The 40th afterglow
Returning from the 40th annual meeting provided a little time for some retrospective contemplation – a meeting post mortem of sorts, mentally reviewing session by session, speaker by speaker. Productivity in airports and in the air is typically lacking, especially when traveling with an entourage, thus this is a good time to get lost in thoughts of recent events and plan for the future. There was no lack of reflections over the meeting successes and of course over the many congratulatory edicts offered by good friends and colleagues. There seemed to be an aura of optimism surrounding this year’s meeting in spite of the difficult economic times and considering the ever-challenging environment in which we work. One thing is for sure: the AASV is alive and well. Professionalism has never been at a higher mark and the future looks bright, with so many energetic and high-quality students interested in swine-production business and medicine. One of the ways we will certainly “Assure our AASV future” will be through the next generation of bright, highly qualified swine veterinarians. Attending the student sessions provided ample opportunity to glimpse that time-to-come. We can be confident in this. My hat is off to the student-recruitment committee. Spirits were high on this trip home. You might say an afterglow surrounded the plane all the way back to Ames.
It seems the program committee hit a home run this year – they are to be congratulated and given credit for their good work. There was also an element of fortuitous luck with a great venue choice. Combined with the program, a record crowd attended. The great weather and good flight connections were another plus that together helped the stars align. I hope the executive board keeps this information in mind as we choose future destinations. All the comments coming from friends were positive. Some raved on and on, but as always there were a few suggestions and somewhat timidly offered circumscriptions. There are those in our membership who have the gift of carefully and skillfully evaluating every moment of life. Nothing slips past their earnest gaze. They are especially adept at spotting all things out of balance in the barns and are champions for their customers. They could be named, but you already know them. They are especially courteous and nonjudgmental while driving home their points of concern. Yes, there were a few “perhaps you should have” comments….. good friends can be brutally honest. Reflecting on these sincerely provided “reservations” eventually sent me plummeting back to earth, back to the reality of the present and the significant issues which the future holds for our customers and a livestock-naive society.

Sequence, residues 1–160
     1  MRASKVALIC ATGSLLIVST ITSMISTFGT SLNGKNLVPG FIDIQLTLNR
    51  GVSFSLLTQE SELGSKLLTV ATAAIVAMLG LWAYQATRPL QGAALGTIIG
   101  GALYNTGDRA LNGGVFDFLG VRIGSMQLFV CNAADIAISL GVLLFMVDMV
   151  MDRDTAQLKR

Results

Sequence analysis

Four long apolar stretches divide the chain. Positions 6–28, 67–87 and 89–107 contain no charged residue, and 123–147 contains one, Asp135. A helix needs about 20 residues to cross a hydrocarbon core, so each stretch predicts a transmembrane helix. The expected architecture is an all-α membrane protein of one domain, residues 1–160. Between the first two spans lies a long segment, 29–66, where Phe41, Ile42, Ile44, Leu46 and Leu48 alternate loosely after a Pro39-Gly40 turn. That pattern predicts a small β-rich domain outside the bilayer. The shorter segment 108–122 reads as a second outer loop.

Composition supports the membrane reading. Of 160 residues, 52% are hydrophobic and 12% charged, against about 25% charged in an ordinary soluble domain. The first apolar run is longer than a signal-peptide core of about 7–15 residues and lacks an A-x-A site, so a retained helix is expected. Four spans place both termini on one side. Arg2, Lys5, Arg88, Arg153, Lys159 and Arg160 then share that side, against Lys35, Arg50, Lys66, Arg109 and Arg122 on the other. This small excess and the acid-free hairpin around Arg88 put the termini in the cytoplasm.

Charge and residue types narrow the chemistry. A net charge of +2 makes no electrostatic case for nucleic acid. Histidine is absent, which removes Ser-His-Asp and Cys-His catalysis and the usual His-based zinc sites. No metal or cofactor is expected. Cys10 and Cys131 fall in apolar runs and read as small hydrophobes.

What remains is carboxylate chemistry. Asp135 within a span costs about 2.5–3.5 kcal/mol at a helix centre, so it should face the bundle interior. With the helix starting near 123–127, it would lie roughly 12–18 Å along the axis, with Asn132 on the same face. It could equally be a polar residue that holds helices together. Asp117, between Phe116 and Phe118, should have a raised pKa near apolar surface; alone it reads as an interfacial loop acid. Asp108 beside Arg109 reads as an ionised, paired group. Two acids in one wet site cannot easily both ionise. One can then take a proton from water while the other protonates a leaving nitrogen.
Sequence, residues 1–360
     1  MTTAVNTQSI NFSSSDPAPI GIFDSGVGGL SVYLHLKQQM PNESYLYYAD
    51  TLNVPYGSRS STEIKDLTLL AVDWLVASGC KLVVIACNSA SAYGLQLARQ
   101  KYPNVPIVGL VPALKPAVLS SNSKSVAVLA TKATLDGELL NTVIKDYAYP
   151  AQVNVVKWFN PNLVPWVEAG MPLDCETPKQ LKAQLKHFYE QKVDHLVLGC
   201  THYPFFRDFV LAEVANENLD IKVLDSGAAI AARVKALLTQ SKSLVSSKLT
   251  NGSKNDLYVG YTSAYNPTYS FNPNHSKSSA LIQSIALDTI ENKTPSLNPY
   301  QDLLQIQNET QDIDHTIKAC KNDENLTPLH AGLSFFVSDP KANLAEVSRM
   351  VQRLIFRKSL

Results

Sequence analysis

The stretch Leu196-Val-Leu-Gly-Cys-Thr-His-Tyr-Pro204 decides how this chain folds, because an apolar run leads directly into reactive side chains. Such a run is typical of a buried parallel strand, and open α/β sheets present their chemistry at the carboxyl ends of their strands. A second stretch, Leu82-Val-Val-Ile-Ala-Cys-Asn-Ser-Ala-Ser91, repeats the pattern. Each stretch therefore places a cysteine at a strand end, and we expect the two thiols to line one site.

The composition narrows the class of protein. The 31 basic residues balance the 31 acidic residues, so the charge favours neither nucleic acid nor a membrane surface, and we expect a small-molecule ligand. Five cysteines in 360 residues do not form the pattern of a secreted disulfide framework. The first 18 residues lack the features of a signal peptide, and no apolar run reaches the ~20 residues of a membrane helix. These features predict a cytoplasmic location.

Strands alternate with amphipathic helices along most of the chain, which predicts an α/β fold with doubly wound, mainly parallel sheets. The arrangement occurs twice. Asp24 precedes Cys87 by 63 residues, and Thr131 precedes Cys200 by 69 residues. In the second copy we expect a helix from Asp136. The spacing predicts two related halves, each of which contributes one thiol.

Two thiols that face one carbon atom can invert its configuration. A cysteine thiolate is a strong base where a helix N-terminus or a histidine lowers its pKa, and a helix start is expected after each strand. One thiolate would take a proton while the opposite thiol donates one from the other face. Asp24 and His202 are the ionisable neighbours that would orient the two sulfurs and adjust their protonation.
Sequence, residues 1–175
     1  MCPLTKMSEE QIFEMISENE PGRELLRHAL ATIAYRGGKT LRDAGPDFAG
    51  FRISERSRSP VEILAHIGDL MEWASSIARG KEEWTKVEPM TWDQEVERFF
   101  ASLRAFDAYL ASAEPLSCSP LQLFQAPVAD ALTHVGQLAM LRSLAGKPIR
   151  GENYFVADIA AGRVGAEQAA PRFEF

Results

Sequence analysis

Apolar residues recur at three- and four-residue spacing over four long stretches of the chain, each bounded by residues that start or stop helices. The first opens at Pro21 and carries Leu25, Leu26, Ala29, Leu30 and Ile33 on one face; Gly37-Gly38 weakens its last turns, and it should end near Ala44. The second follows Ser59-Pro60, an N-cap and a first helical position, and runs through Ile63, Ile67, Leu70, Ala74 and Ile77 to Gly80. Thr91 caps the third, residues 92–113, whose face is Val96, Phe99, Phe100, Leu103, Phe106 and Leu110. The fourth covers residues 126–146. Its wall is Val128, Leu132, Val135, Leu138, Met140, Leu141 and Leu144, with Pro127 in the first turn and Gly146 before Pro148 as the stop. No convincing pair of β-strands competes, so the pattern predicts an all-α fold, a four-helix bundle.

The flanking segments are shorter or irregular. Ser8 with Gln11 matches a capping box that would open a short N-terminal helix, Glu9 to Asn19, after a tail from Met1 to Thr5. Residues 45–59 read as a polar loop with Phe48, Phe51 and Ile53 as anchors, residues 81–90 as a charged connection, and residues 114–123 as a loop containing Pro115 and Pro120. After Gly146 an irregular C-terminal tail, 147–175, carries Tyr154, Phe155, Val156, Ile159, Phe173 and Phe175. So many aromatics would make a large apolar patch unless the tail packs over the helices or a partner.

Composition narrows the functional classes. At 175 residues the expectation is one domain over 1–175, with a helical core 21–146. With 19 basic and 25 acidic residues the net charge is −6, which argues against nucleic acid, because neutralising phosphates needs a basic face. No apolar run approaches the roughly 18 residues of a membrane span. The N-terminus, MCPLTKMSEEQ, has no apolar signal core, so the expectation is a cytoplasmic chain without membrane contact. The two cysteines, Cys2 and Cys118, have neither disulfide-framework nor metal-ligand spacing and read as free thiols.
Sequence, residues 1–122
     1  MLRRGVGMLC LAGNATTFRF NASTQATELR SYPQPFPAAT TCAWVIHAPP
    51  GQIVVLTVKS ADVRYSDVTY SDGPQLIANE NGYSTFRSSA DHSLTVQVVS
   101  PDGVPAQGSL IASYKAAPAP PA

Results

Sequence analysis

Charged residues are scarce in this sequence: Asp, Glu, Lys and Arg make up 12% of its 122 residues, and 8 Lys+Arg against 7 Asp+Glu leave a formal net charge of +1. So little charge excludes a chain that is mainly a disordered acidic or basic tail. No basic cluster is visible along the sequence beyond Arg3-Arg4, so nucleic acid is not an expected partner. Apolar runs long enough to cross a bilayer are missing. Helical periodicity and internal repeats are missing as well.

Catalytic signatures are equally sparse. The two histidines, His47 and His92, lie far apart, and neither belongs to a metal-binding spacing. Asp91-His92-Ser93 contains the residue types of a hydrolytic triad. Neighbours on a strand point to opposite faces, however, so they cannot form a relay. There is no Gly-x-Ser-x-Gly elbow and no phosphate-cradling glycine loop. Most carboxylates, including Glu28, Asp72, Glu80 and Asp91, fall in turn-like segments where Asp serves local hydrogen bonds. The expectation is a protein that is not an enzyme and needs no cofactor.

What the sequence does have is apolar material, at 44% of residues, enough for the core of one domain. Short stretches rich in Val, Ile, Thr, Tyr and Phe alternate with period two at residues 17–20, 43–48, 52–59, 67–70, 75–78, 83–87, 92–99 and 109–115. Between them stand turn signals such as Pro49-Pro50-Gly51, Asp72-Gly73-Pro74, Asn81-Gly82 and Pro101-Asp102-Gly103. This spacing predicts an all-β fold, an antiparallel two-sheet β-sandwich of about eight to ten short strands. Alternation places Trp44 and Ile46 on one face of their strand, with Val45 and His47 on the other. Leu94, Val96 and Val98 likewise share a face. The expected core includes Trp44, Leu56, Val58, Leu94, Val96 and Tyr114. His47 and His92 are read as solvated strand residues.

When the program committee planned this event way back in June of 2008, we had no idea that welfare and well-being would come to the forefront so quickly – so boldly. It wasn’t that the committee wasn’t sensitive to the issue – it certainly was. But the thought of devoting a whole or even a half session to welfare seemed out of place within our traditionally “bugs and drugs” event. Yes, there was PQA-Plus™, and John Thomson, Larry Pope, and Ron DeHaven, all of whom addressed the impact of welfare issues and the voting consumer’s perception of what animal well-being should look like. Otherwise, there was little on the science of production-animal welfare. Although science will never have the last word on this, we must be armed with valid facts before we can hope to train or influence the media and public. In the south there is a saying about hindsight being 20-20, so looking into the rearview mirror, it seems we may have missed an opportunity.
That opportunity should not be lost. It is our duty and responsibility to take on this contentious issue. As veterinarians we must take the “bull by the horns” – we must protect our brand – the brand of the “gentle doctor” – the legacy of James Herriot. The well-being of our animals isn’t the only issue we face, but it is one that we must take full stewardship of – not only in the barns and on the farms, but also with the media and politicians. There is no other professional group that holistically understands this issue. We must arm ourselves with science, but also must remember that the customer is, in the end, “always right.” Our customers go beyond the producer – all the way up the food chain to the hearts of the consuming public. It is our charge as members of AASV to assure that the animals in our direct or indirect care are reared in humane conditions. A state of well-being is difficult to attain without adequate health, nutrition, environment, and care. As a group, we’ve always known this and always promoted welfare as a part of our practices. Today more is required. We are guardians of the public health, animal health, and the welfare of the species we have chosen as our career maker. It is this charge that makes our chosen selection both challenging and rewarding. This message is about animal care and the concern for the health and prosperity of our fellow humans.
We must not fail.
--Butch Baker, DVM